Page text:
Oh boy oh boy, this post has been a long time coming. I have thought about writing it for a while, but mainly during pride month. In fact, I actually planned on writing a post entitled something along the lines of “When Pride Month Isn’t So Great” where I talked about how much I was struggling during pride month as a mainly closeted (I am out on here and to about eight close friends I trust IRL) sapphic girl who hates labels in general. However, that post got cancelled when everything happened with my grandmother and pride month and the mental health struggles it caused me were the last thing on my mind.
Now, however, I think I am ready to talk about this. Not necessarily about how much pride month took a toll on my mental health, but it may come up at some point. I wouldn’t be surprised. Would now be a good time to say that I have literally no plans for this post once so ever? Like, I don’t know what I am going to say but I do know that I feel the urge to get it out.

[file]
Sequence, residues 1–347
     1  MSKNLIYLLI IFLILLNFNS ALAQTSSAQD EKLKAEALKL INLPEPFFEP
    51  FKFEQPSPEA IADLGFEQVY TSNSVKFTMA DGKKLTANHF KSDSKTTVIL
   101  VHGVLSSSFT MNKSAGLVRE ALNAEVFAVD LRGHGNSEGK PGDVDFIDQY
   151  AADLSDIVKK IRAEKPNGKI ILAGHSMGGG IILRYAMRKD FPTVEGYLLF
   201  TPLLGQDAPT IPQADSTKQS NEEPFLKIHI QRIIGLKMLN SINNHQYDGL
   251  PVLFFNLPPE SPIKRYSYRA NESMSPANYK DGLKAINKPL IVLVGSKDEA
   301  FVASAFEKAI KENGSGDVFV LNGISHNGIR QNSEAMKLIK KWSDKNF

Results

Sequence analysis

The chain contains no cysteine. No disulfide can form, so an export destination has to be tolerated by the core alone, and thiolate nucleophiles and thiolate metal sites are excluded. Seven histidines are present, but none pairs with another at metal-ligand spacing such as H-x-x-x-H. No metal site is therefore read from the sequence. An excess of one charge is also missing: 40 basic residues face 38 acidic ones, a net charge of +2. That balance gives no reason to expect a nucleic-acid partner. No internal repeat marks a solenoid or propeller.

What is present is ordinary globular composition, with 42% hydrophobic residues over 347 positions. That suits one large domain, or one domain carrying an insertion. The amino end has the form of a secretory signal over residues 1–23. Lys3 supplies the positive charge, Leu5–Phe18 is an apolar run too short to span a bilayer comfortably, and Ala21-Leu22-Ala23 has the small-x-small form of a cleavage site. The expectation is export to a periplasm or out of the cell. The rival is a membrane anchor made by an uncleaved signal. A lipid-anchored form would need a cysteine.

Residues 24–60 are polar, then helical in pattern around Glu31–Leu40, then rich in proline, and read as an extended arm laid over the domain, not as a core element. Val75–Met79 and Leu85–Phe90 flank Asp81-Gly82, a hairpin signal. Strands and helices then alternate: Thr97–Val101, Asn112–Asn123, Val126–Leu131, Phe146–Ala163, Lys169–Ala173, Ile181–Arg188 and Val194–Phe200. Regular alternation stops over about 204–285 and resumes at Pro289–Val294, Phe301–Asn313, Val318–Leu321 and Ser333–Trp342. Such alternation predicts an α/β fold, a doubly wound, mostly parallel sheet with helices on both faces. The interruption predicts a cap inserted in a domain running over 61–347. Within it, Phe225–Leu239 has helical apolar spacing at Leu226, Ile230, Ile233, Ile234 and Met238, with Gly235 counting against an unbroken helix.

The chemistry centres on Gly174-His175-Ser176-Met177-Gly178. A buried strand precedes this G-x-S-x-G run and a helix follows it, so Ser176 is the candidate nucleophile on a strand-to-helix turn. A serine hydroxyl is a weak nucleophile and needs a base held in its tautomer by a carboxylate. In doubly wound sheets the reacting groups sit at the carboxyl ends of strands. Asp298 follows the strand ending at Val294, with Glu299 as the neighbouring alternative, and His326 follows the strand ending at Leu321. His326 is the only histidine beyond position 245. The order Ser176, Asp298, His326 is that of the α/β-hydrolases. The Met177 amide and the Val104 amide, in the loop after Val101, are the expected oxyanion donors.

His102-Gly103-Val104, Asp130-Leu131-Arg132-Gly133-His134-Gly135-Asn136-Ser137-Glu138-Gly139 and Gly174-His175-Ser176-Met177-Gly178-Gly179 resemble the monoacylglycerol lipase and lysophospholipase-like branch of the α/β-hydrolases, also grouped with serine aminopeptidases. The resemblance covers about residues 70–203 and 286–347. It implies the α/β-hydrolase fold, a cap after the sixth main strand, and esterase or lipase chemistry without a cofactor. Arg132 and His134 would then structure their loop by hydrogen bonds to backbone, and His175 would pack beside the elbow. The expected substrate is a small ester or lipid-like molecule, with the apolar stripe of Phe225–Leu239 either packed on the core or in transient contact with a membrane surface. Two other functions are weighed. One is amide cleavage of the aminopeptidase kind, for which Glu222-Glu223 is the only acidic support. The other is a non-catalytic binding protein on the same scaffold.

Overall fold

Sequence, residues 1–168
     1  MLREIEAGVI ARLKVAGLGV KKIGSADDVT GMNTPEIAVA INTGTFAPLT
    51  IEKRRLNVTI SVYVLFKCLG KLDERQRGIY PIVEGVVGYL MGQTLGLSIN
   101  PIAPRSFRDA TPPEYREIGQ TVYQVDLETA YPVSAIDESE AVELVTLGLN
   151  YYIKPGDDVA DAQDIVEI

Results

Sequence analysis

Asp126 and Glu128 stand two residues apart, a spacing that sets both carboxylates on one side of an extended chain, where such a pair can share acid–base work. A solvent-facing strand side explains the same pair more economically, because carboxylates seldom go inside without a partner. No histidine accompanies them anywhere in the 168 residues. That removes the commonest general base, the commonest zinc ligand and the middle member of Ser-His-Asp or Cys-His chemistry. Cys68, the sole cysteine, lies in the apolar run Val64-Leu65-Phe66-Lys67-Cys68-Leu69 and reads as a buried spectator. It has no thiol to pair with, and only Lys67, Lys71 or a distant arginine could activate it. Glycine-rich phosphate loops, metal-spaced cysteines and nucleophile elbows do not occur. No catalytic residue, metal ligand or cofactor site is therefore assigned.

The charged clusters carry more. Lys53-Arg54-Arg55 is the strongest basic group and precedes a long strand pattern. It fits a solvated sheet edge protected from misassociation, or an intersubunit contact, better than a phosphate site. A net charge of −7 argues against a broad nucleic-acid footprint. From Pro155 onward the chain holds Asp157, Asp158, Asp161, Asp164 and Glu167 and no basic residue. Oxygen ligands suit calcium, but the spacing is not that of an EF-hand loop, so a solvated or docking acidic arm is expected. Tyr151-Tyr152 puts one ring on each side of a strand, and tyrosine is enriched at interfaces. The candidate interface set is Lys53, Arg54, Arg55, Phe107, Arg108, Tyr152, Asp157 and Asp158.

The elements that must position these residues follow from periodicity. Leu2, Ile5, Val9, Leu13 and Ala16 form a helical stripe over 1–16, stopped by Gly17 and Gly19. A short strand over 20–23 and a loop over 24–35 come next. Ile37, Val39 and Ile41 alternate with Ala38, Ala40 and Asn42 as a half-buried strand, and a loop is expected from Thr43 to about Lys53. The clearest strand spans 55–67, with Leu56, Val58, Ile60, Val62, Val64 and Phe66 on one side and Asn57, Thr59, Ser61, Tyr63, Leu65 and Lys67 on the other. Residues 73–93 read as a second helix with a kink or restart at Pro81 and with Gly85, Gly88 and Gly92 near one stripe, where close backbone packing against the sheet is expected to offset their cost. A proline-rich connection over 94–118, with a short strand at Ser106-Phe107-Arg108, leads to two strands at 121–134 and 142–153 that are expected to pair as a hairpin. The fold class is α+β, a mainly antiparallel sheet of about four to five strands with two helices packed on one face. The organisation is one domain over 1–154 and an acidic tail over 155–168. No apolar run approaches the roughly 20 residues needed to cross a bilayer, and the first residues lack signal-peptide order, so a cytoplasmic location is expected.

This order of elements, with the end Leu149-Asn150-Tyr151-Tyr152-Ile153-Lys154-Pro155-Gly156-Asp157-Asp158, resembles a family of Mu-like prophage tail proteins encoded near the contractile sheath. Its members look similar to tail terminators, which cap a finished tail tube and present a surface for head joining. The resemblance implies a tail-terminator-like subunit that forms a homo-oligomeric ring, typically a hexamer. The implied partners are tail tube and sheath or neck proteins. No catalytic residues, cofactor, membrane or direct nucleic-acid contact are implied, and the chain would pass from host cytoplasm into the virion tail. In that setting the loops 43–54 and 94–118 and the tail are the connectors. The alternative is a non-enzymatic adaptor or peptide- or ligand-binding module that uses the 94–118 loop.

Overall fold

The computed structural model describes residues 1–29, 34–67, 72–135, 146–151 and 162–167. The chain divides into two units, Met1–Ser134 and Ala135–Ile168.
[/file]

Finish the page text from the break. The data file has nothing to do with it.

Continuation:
Also, for context if you are more interested in my personal coming out story and/or the issues I have had with it, I did a whole semi dramatic two a.m. rambling post about it in like March which can be found here.
Let’s start with the positives:
Why I Love Sapphic Books!!!!
1) First off, I feel like this one is obvious, but I love knowing that there is representation out there. That there are stories that could potentially tell stories similar to mine. That there is some character out there that I could connect to on a deeply personal level just waiting to be discovered.
2) They make me happy. Whenever I see someone post something on twitter or goodreads or their blog or whatever social media platform I happen to be on at the moment, it makes me happy. If I am already in a pretty good mood, it may even put a big smile on my face. If I walk into a library or bookstore and see a book that I know is f/f or shows that it is by the cover (I wish this was less rare), it makes me beyond happy. It just, makes me feel things? You know?